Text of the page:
Continental Becomes More Customer-Friendly While Delta and United Hate Their Customers

As the newly combining Northwest and Delta adds fees and reduces elite bonus miles, Continental seems to be moving in the opposite direction.

Continental will still permit the old, higher-level elite bonus mile accumulation for elites with their premium co-branded credit card, and Continental is actually taking away fees on award redemption. Changes made by all members more than 21 days in advance of travel will be free, as long as the original and destination remain the same. (Platinums remain exempt even within 21 days.) The neat thing about this is it isn’t just date changes that are fee-free, you can change times, airline partners, and even routing without incurring a fee.

This makes sense. As it breaks off its partnership with Delta/Northwest come the end of October, its frequent flyers and the frequent flyers of its soon to be former partners will be making decisions about which carrier to stick with moving forward. Drawing a contrast makes good sense.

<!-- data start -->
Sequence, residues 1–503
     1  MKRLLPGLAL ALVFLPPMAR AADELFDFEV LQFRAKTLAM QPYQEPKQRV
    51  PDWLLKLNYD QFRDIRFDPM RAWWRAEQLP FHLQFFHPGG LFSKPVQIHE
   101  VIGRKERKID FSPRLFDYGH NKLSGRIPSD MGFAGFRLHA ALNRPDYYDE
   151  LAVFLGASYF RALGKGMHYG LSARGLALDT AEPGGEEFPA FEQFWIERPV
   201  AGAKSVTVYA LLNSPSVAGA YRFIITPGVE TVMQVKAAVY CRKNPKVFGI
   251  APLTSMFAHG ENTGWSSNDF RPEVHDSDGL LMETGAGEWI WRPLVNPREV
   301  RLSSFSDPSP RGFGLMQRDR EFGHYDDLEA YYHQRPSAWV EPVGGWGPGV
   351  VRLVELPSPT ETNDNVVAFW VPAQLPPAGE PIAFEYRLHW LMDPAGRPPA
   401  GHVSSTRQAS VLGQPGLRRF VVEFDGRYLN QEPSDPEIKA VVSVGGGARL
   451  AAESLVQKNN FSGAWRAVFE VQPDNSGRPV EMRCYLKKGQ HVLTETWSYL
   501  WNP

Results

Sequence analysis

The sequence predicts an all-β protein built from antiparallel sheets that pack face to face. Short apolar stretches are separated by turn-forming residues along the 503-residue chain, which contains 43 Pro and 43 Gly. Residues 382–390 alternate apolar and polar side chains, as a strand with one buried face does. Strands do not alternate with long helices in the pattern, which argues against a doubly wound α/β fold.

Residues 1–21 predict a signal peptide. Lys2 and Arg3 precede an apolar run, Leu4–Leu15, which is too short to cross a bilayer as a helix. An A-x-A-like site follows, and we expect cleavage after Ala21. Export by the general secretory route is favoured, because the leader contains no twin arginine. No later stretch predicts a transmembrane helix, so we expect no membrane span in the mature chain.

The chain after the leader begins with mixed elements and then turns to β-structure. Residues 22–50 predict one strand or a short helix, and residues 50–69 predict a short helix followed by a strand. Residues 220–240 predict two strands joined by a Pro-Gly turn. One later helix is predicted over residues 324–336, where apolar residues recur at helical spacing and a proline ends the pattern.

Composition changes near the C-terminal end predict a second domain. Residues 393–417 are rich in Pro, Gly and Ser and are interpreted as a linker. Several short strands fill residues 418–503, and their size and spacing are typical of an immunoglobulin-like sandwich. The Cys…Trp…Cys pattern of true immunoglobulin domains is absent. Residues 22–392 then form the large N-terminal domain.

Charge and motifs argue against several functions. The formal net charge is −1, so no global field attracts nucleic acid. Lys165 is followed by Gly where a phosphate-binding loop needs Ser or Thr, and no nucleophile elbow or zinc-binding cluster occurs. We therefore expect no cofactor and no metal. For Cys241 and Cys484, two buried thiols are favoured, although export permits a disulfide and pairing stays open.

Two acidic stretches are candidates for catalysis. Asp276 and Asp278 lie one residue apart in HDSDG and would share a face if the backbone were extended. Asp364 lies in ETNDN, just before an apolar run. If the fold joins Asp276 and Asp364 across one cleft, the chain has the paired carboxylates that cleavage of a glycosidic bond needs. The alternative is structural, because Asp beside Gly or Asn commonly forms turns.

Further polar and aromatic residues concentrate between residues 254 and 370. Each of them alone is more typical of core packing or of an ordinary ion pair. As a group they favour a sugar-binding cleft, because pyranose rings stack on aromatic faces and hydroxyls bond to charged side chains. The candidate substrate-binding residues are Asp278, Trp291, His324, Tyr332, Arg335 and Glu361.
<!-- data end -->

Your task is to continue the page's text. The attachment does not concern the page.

Meanwhile, United continues to block its members from booking award seats being offered by United’s partners. Informally, Continental has suggested that it will not engage in this practice. Also a good move, making the airline potentially the preferred Star Alliance carrier within North America. (Continental certainly has a better domestic premium product, it lacks economy plus, and international upgrades are harder though United is introducing Continental-style co-pays as well — United’s only real advantage will be Systemwide upgrades for 100,000 mile flyers which are increasingly difficult to use in advance.)

It remains to be seen the details of how Continental’s partnership with United will work, and how it will handle Star Alliance awards, but Continental does seem to be moving in a positive direction.

About Gary Leff

Gary Leff is one of the foremost experts in the field of miles, points, and frequent business travel - a topic he has covered since 2002. Co-founder of frequent flyer community, emcee of the Freddie Awards, and named one of the "World's Top Travel Experts" by Conde' Nast Traveler (2010-Present) Gary has been a guest on most major news media, profiled in several top print publications, and published broadly on the topic of consumer loyalty. More About Gary »

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  1. Now if they’ll only get rid of the last remaining 737-500s, which only have 8 FC seats diminishing the chance of upgrades…

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